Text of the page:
Berkshire Hathaway shareholders flocked to Omaha, Nebraska on Saturday to hear from CEO Warren Buffett and other Berkshire executives. For about 5 hours, Buffett took questions on Berkshire’s many businesses, investing and life in general. 

The meeting included a video tribute to Buffett’s longtime partner and Berkshire vice-chairman Charlie Munger, who died in November at age 99. Shareholders kicked off the gathering with a standing ovation for Munger, who Buffett calls the “architect of Berkshire.” 

Here are some key takeaways for investors from the meeting. 

Berkshire Hathaway annual meeting: Key takeaways for investors

1. Portfolio update

Berkshire’s first quarter results revealed that it trimmed its stake in Apple by about 13 percent. The iPhone maker is still the largest position in Berkshire’s portfolio and stood at $135.4 billion at the end of March, down from $174.3 billion at the end of 2023. 

Buffett praised Apple’s business and said it was very likely it would remain Berkshire’s largest stock position at the end of the year and that Berkshire would likely hold it after he’s gone. 

Buffett also said he sold Berkshire’s entire stake in Paramount Global and that he was “100 percent responsible,” adding that they had lost “quite a bit of money.” Some Berkshire watchers had speculated that the position was held by Todd Combs or Ted Weschler, two investment managers who work for Berkshire.

2. Cash pile grows in absence of attractive investment opportunities

Berkshire’s massive cash pile grew to more than $182 billion at the end of the first quarter and Buffett said it was fair to assume it would reach $200 billion at the end of the second quarter. 

“I don’t mind at all, under current conditions, building the cash position,” Buffett said. “When I look at the alternatives of what’s available in the equity markets and I look at the composition of what’s going on in the world, we find it quite attractive.”

Berkshire has often held large amounts of cash and been willing to wait until it finds investment opportunities that meet its requirements. Buffett has historically put cash to work during market downturns such as during the 2008 financial crisis. 

“We’d love to spend it, but we won’t spend it unless we think we’re doing something that has very little risk and can make us a lot of money,” Buffett said.

3. Don’t make investment decisions based on taxes

Berkshire has many long-term investments that have seen enormous gains over time such as Coca-Cola, American Express and Apple. Berkshire pays taxes on any dividends it receives from these holdings, but capital gains aren’t taxed until shares are sold.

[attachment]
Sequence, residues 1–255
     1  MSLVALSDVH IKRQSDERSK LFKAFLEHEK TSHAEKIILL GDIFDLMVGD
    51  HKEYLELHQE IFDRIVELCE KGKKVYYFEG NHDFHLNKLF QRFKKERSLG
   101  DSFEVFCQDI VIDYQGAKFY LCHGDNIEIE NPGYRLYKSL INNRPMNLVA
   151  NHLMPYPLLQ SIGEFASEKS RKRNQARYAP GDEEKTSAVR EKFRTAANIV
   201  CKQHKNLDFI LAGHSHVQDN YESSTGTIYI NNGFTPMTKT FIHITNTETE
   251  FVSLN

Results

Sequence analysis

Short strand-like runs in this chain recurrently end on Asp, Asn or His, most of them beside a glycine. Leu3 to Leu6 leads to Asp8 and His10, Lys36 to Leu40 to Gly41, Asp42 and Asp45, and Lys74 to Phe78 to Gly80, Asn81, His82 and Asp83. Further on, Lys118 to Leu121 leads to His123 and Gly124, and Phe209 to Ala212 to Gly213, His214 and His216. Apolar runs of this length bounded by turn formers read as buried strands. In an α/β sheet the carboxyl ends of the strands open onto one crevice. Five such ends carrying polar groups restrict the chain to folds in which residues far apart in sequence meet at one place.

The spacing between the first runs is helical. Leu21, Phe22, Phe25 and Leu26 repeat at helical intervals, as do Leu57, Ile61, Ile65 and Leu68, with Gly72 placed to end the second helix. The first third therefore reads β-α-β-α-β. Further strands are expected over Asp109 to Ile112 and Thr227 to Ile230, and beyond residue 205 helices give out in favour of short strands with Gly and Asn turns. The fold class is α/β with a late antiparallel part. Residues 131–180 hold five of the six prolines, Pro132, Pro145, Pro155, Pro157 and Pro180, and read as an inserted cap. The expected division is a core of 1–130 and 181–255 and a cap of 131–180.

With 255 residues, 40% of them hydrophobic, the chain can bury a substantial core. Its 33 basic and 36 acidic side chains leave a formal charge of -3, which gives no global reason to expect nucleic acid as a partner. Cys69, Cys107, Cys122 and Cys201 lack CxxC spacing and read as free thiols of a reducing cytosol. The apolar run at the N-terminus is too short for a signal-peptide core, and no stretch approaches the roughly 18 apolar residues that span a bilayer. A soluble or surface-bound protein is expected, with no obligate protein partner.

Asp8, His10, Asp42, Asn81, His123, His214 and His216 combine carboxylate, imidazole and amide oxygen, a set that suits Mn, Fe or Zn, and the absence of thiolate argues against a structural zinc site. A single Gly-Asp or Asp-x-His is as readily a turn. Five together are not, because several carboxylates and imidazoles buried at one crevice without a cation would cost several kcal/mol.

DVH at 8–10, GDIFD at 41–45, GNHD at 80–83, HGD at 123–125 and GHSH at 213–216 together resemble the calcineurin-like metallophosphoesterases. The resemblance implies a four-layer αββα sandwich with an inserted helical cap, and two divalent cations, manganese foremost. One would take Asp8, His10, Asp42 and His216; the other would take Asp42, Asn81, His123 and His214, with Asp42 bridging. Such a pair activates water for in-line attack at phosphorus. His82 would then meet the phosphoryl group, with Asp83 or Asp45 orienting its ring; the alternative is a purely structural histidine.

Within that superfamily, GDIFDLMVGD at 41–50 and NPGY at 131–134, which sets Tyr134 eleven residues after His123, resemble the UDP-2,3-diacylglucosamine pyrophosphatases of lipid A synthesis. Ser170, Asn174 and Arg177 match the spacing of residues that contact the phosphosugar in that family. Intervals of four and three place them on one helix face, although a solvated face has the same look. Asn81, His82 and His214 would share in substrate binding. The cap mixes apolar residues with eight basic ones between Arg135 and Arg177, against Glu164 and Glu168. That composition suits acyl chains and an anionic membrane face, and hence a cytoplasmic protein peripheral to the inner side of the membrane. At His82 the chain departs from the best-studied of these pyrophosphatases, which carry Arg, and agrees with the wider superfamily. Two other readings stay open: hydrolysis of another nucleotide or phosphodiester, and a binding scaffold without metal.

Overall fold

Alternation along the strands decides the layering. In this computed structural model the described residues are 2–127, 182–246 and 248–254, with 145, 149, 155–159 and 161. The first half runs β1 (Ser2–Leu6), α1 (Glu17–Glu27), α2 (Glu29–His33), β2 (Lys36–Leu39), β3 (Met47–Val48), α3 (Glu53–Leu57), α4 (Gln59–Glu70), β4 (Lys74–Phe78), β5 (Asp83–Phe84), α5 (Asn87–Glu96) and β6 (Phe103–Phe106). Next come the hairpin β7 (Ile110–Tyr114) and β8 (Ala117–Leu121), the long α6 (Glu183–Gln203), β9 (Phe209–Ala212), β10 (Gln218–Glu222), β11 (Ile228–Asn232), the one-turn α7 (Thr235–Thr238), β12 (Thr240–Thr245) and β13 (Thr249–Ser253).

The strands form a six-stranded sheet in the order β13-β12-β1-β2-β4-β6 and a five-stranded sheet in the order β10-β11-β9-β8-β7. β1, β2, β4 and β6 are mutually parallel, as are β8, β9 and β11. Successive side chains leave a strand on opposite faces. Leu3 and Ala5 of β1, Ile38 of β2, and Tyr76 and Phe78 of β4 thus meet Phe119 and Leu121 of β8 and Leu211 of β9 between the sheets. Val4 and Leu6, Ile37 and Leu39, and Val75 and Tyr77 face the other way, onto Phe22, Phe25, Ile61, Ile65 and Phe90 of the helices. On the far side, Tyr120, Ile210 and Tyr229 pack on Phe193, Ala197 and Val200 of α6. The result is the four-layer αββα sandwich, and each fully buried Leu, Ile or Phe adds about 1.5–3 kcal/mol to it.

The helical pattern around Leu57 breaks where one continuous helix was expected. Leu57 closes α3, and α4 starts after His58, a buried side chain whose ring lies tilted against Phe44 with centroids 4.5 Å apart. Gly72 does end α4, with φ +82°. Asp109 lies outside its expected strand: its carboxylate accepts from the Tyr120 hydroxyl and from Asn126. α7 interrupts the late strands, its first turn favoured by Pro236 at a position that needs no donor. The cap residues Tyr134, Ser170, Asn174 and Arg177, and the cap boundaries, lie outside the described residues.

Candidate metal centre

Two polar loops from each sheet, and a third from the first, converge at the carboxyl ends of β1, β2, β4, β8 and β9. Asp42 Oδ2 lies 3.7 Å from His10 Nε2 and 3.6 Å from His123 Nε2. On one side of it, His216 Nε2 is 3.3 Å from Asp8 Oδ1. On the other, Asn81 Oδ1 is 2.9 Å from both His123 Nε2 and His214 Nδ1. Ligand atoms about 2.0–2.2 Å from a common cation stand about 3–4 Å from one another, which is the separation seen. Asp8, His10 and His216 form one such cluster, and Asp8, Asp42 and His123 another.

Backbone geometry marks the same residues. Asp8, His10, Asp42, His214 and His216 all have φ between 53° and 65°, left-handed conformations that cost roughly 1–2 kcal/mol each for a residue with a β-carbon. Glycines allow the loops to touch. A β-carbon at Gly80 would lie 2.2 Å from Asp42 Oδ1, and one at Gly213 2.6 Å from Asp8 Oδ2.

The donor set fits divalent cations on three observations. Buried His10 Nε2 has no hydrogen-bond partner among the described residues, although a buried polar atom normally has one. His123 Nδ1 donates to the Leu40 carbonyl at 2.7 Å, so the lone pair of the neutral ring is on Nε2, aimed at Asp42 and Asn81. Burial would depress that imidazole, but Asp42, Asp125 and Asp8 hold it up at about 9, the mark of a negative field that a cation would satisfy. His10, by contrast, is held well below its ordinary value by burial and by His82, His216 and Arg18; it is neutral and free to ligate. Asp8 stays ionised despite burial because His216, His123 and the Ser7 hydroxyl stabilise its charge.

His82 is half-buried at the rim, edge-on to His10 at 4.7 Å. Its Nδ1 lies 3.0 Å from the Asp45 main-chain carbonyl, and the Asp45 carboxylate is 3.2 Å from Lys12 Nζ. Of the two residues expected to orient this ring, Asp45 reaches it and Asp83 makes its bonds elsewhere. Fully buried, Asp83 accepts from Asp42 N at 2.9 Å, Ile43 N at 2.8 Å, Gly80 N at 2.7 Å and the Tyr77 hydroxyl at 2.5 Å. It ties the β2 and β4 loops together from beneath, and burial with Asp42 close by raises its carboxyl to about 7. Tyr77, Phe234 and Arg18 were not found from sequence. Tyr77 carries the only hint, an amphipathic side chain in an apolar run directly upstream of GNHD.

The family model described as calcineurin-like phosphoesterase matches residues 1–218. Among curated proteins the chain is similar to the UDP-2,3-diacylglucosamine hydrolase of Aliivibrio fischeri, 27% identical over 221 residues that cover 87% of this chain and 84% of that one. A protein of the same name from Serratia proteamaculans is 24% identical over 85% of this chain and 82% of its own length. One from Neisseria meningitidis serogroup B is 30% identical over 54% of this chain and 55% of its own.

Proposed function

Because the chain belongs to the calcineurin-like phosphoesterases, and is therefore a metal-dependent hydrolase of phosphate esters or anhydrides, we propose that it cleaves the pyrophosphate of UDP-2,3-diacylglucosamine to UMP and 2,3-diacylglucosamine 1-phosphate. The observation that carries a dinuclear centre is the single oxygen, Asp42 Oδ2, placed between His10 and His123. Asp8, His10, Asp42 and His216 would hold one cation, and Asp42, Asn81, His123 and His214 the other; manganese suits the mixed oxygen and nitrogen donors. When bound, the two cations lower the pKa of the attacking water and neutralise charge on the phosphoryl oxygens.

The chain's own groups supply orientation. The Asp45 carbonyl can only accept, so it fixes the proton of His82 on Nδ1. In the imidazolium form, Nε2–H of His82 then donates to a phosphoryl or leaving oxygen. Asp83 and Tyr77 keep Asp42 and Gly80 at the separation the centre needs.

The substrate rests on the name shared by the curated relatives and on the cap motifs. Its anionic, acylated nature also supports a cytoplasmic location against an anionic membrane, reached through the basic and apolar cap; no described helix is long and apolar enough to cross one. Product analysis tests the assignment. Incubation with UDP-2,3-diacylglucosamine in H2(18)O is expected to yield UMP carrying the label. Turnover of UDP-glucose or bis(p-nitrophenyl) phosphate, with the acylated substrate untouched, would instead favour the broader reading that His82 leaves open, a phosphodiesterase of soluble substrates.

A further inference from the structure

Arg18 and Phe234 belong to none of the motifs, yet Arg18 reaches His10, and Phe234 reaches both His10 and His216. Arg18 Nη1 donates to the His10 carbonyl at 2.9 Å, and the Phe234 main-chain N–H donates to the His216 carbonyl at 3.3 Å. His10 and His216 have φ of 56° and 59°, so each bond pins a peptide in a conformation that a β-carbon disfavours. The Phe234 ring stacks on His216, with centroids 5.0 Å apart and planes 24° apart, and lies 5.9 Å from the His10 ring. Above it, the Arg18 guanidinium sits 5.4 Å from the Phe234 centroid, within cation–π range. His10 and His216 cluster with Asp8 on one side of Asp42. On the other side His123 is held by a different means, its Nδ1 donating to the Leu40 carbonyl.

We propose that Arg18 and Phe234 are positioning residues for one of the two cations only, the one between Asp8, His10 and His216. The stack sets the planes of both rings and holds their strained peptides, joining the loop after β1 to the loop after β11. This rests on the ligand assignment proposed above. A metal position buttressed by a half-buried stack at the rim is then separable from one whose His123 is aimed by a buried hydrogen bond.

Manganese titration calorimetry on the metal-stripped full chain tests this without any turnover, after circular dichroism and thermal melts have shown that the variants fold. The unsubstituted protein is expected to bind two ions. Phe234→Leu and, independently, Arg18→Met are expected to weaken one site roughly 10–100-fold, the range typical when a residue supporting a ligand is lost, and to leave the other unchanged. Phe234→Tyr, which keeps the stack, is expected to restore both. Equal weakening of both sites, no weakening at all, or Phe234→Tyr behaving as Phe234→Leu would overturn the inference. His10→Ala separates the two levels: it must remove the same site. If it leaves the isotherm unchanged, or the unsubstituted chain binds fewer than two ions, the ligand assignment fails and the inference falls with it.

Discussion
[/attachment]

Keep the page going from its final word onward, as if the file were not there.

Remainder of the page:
But Buffett told shareholders that holding an investment just to avoid paying taxes doesn’t make a lot of sense.

“Almost everybody I know pays a lot more attention to not paying taxes than I think they should,” Buffett said. “We don’t mind paying taxes at Berkshire.”

4. AI could be harmful

Buffett was asked a few times during the meeting about the potential impact of artificial intelligence on the economy and Berkshire. He compared AI to the development of nuclear weapons, saying you can’t put the genie back in the bottle. 

“As someone who doesn’t understand a damn thing about it, it has enormous potential for good and enormous potential for harm,” Buffett said. “I just don’t know how that plays out.”

Buffett also warned about the potential for investment scams that use AI to trick people into handing over their money. Scamming is “going to be the growth industry of all time,” Buffett warned.

Berkshire’s businesses will be able to adapt to the new technology and will use AI to become more efficient, Berkshire vice-chairman Greg Abel told shareholders. 

5. Climate change poses risks for investors

The Berkshire meeting also highlighted the risks that investors face in certain industries from climate change. Berkshire utilities in western states face risks as wildfires become more frequent and regulators and investors grapple with who should bear the costs. 

Berkshire’s PacifiCorp unit faces billions of dollars in liabilities for its role in Oregon’s 2020 wildfires, but Buffett reiterated at the annual meeting that Berkshire would not knowingly “throw good money after bad.”

Berkshire’s vast insurance operations also face risks from climate change as hurricanes potentially become more frequent, more powerful and take different paths. 

“The amount of activity in terms of storms, both the frequency and the severity, is also so severe that the losses in Florida make it very difficult for the risk bearer to make money,” Berkshire’s vice-chairman for insurance Ajit Jain said, but added Berkshire had increased its exposure to Florida in the past year and “nothing bad happened.”

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